When performers Grace Surman and Gary Winters and their two children decided to form a family art collective, the results involved rolling in mud, mass school drumming and a homage to Greta Thunberg.
Every child is an artist. That’s what Pablo Picasso said.
Not every child, though, is an equal partner in a professional art collaboration with their mum and dad.
As well as being the bundles of innocent creativity that Picasso probably had in mind, Merrick, nine, and 12-year-old sister Hope have been involved in their parents’ performance art since before they knew that’s what it was.
When Merrick was one, he starred in his mum’s tender 12-minute video I Love My Baby And My Baby Loves Me.
Later, Grace would take the children along as she devised her performance routines. “They were watching us make our work and they were around when we were in rehearsals. They were playing in a studio while we were playing in a studio.” So it seemed natural to play together.
Grace choreographed a short performance duet for herself and Hope, and another for Gary and Merrick. The latter, titled Would You Rather Be Lost, went on tour – and looks like just about the most fun a father and son can have without the involvement of water slides or candy floss.
Those projects went so well that, a year ago, Grace and Gary decided they and the children should work together as a family.
They have now made two films for the National Trust to mark the 200th anniversary of the Peterloo massacre, when the cavalry charged a workers’ rights protest in Manchester , killing around a dozen people.
Artists Jeremy Deller and Bob and Roberta Smith and singer Jarvis Cocker are among the others taking part in the National Trust’s People’s Landscapes project. One of the family’s films will be shown at Quarry Bank, a historic mill in Cheshire, where the family have filmed around 100 local schoolchildren drumming around the site.
Doing interviews about their creations is not nearly as interesting as making them, and at Quarry Bank, Merrick gets bored and disappears from the cafe table less than three minutes after the family start telling me about their work. He’s bursting with energy. He’s a nine-year-old boy.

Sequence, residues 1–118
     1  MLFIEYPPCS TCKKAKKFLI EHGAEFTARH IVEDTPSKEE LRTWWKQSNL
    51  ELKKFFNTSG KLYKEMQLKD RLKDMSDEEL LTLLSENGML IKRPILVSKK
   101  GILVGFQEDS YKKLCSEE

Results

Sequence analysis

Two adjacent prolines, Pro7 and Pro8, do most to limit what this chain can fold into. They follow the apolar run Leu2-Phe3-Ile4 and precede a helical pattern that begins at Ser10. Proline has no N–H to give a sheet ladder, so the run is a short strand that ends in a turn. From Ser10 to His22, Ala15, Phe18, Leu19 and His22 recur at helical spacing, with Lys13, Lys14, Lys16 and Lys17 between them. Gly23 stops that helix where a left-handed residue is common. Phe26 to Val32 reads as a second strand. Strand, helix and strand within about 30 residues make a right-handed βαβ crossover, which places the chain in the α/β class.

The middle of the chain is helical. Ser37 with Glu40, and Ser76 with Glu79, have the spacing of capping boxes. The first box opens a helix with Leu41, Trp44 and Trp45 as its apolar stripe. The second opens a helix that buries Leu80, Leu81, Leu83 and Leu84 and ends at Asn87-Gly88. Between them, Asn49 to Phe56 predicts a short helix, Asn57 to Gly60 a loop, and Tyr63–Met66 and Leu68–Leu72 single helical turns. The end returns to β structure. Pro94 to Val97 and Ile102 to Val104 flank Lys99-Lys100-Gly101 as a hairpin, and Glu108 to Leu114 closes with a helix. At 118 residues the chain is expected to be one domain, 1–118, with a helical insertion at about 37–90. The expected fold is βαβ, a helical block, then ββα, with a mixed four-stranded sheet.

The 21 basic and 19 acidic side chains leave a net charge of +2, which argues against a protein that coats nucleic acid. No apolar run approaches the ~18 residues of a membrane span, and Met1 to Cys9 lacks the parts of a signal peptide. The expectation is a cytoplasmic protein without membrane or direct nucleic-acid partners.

Hope is more patient but she too makes her escape before the interview is over, boarding a National Trust buggy to the next filming location where some steel drums are waiting. Merrick reappears from around the corner at one point and his mum suggests I ask him a question before he bolts again.
Do the family all come up with the ideas together? “Yeah,” he replies. He pauses, then reconsiders. “Not really.”
“We have,” his dad protests.
Are there any bits that were your idea?
“No,” Merrick says – before his mum and dad both remind him about the bits he suggested.
“The drumming was your idea,” Grace insists in a light-hearted rebuke. “The whole thing was your idea!”
It has been a long day, and the fact they are artistic collaborators doesn’t take away the fact they are parents and children first and foremost.
Rolling in mud
In their Quarry Bank film, the sound of the young drummers, who play bins and buckets and anything else that will make a beat, represent the sound of protest and marching and militaristic rhythm, Gary explains.
Gary reminds Merrick too about rolling around in the mud at Dunham Massey, the other National Trust property where they have been filming. There, they dressed in period costume to present themselves as a sort of echo of the family who lived on the grand Cheshire estate in 1819. Their film project is titled Glorious Phantoms.
“We’ve sort of contributed all together,” Hope picks up. “In Dunham Massey, I’m doing a speech all on my own, which is the Greta Thunberg speech to the UK Parliament.”
The march at St Peter’s Fields in Manchester in 1819 was about political reform at the dawn of the Industrial Revolution. The family tried to think about what was the biggest issue inspiring protests today.
Grace says: “Hope has seen and heard of Greta, and been involved in climate strikes at school, and you were saying, weren’t you, that it feels like the most important thing that you could think of right now. At the time of Peterloo, the important thing was to have a voice, to be heard. And Greta’s like a spearhead for that [today].”
As well as the films, the family, who live in Ilkley, West Yorkshire, are also working on a new stage performance and have been participating in a project for Manchester theatre company Quarantine.
That has involved them staying in a new housing development and organising creative activities for the neighbours to encourage a community spirit, including painting workshops, country dancing and ice sculpture.
It’s a great excuse to have the kind of quality time most families don’t get, but they have also made a point of discussing why they are doing those things in the first place.
‘It may stop at any minute’
“You have to find a way to talk about the work, about what an artist is, what art is,” says Gary, who is also one half of the performance duo Lone Twin. “It comes down to those fundamentals sometimes – about why things happen, or why an idea might be good.”
For their work for the National Trust, the children are getting paid for their contributions, as any professional artists would. It’s a good source of pocket money as well as being fun, but Grace says she and Gary know the arrangement might not last.
“As soon as they go, ‘This is boring, and I don’t like it, I’m not getting anything from it, and why am I doing it?’ then it will just all be packed away. Gone. It’s not about making them do something. It does work now but it may well stop at any minute and we have to be prepared for that.”
Lots of artists who work together have their creative differences, after all. But these collaborators have to live under the same roof, and being a family comes first.